It has become commonplace for cities in crisis to see philanthropists, non-profits and other private organizations filling the void, performing the vital tasks that City Hall can no longer do itself. An especially powerful example was revealed this week in Detroit, which is currently negotiating the terms of the largest municipal bankruptcy in history.
In an unprecedented “grand bargain,” nine local and national foundations committed $330 million in a deal to save the Detroit Institute of Arts from being mined to satisfy creditors of the city, which is about $18.5 billion in debt. The money will also ease the expected pension cuts facing Detroit’s retirees. (The pension funds are underfunded by about $3.5 billion.)
This is not just an outpouring of money. The deal is a breakthrough, crafted quietly through mediation in the last two months. As part of the terms, it will shift the museum from city ownership to the control of an independent non-profit, a move intended to protect the institution from future municipal money woes.
This is radical stuff. As the New York Times points out, the plan is “a first both in the foundation world, which has not been a source of money to shore up public-sector pensions in the past, and in municipal bankruptcy cases, experts said.” It also proves the lie that Detroit’s fiscal woes meant that the city had to choose between its art or its workers. That’s a painful and false binary that obscured the rest of the city’s 100,000-plus creditors. (From the point of view of Wall Street, this facelessness was useful.)
What to make of it all?
In a July 2012 Forefront story, I noted that it’s downright awe-inspiring to see what can be accomplished when engaged citizens take action to help cities thrive. Private groups are especially agile — a real advantage in bringing Detroit’s art/pension deal together — and there is no doubt that without them, the city would be a worse place to live and work. And it is moving to see a city’s art and people become a priority. The Ford Foundation pledged $125 million to the deal. The Kresge Foundation will give $100 million in a multi-year commitment. The Knight Foundation committed $30 million, the largest single gift it has ever pledged. Even private citizens are contributing their own money.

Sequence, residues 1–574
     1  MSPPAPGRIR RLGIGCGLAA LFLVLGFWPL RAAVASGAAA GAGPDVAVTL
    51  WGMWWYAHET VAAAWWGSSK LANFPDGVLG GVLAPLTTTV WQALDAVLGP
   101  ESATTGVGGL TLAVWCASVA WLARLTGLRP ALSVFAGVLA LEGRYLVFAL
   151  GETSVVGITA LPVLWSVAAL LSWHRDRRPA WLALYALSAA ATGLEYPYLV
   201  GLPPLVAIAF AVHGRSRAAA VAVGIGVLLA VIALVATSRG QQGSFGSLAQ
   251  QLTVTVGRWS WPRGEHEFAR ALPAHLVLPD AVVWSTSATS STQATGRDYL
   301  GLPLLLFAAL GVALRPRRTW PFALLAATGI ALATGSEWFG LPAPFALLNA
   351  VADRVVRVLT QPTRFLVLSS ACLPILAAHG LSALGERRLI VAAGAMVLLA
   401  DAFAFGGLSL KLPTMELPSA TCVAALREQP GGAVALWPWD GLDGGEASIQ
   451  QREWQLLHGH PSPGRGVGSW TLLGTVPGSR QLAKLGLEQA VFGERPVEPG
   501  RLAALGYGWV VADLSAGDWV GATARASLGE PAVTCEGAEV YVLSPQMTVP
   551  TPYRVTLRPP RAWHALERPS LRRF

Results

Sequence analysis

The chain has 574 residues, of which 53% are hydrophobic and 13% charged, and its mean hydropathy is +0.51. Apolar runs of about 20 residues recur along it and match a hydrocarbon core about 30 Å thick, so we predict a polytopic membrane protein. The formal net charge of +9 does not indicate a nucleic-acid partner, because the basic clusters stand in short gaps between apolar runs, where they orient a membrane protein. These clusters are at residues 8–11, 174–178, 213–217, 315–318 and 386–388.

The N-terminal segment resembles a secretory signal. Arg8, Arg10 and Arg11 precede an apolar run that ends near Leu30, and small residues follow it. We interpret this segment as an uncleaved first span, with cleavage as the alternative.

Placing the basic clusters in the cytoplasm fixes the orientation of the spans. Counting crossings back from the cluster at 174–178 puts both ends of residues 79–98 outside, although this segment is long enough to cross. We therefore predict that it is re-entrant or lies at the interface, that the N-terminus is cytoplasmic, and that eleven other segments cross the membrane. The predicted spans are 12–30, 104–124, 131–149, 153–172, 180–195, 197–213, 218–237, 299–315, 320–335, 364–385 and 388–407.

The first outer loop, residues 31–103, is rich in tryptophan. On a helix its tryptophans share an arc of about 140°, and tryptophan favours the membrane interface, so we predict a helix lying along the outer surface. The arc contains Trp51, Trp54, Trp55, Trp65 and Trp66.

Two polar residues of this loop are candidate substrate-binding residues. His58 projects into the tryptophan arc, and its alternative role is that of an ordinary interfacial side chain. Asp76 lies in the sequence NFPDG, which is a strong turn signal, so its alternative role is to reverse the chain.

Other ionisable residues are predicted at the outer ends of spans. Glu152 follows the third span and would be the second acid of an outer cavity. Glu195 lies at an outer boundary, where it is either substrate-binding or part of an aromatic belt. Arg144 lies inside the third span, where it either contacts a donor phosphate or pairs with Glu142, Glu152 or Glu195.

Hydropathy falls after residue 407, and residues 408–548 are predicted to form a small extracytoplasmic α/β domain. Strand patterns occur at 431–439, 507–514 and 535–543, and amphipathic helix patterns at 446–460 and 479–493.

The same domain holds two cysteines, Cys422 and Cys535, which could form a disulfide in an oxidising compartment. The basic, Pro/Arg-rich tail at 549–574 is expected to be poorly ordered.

But when shifting public functions into private hands, it’s important to recognize that the usual methods of community accountability are lost — unless they are intentionally integrated into the process. In terms of the bargain in Detroit, what kind of transparency and communication is essential so that the museum, pensioners, philanthropists and citizens can maintain healthful relationships with one another? It’s also crucial to make sure that the follow-through of this deal doesn’t unnecessarily trample the terms of the 10-year millage that Wayne, Macomb and Oakland counties passed last year in support of the DIA.
The museum has, of course, been supportive of this deal that will protect its art from sale, but it is very firm that the final terms must not undercut its financial stability. That includes the approximately $23 million per year it gets through a slight property tax, thanks to the millage. The massive effort to support the millage, incidentally, hinged on an “art is for everyone” campaign, and led to free admission for all residents of the tri-county area.
Finally, it should be emphasized that the “grand bargain” is not final or certain. First of all, more donations are being sought to fully support the DIA and city workers. (The coalition aims to raise at least $500 million.) Many of the current commitments will be paid over multiple years. Gerald E. Rosen, a federal judge mediating the bankruptcy case and facilitator of the bargain, prefers as many financial gifts as possible to be upfront.